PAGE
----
National Geographic : 1912 Aug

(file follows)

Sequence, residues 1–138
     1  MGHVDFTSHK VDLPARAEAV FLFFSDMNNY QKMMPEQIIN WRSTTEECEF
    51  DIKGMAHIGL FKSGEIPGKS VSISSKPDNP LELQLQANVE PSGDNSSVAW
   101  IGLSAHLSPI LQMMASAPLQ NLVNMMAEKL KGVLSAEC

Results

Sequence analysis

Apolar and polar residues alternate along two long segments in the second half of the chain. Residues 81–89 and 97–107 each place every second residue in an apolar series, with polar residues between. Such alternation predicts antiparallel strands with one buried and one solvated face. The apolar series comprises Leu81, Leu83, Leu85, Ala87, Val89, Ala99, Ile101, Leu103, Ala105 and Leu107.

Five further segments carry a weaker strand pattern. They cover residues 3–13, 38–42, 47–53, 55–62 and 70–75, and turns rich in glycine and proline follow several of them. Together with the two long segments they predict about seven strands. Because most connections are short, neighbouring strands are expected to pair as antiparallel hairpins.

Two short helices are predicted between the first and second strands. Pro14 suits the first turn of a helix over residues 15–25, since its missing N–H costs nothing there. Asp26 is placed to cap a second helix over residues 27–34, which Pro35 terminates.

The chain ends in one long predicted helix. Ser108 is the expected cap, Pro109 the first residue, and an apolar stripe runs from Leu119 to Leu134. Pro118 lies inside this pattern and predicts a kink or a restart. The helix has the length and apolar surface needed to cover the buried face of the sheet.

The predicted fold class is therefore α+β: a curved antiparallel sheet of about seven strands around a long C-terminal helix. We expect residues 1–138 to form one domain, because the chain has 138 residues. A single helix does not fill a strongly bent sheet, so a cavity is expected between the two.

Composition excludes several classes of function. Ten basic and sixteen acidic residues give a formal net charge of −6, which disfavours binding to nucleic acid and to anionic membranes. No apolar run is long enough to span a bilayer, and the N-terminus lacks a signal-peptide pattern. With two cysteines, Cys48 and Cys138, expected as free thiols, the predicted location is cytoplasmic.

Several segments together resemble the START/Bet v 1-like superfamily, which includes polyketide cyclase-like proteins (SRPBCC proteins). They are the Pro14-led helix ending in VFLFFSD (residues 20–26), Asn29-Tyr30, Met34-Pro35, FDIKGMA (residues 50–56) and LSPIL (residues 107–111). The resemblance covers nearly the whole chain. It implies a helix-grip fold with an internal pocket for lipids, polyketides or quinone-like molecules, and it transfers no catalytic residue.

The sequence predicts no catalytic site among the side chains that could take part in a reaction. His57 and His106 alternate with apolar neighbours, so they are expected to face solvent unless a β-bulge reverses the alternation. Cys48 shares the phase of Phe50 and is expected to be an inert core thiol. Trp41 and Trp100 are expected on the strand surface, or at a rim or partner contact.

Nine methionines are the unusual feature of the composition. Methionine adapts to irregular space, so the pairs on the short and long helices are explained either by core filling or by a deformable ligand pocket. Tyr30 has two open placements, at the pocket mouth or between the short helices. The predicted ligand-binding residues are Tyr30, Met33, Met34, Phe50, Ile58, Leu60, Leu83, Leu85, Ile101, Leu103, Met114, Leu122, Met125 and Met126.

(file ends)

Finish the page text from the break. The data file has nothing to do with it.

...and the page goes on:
Photo by Lieut. J. F. Hahn, U. S. R. S. REFUGEES FROM KADIAK ON BOARD THE "MANNING" terrorizing beyond description, and I cannot refrain from paying the highest compliment to many of the inhabitants of Kadiak, who by their courage and forgetfulness of self in this time of peril cooperated with us in every way in giv ing help to the weak and suffering. Katmai Volcano is one of the long belt of active and extinct Alaskan vol canoes which extend for 1,600 miles from Kenai Peninsula, along the Alas kan Peninsula and Aleutian Islands. No less than 60 active or recently active vol canoes are already known, and this num ber will probably be increased when the territory has been more thoroughly ex amined. The belt includes Mt. Wran gell, whose huge dome reaches 14,ooo feet elevation; Mt. Shishaldin, a most grace ful peak, whose outlines rival Fujiyama, and Bogoslof, whose suddenly appear ing and as suddenly disappearing islands have startled mariners for the past Ioo years. Immediately after the eruption the National Geographic Society, in cooper ation with the U. S. Geological Survey, sent Mr. George C. Martin, a geologist of the Survey, to Alaska to make a re connaissance of Mt. Katmai and neigh boring volcanoes. Mr. Martin has been in the field of volcanic disturbance throughout the summer. His studies are preliminary to an extended investi gation of the Alaskan volcanoes, which the National Geographic Society will inaugurate in 1913.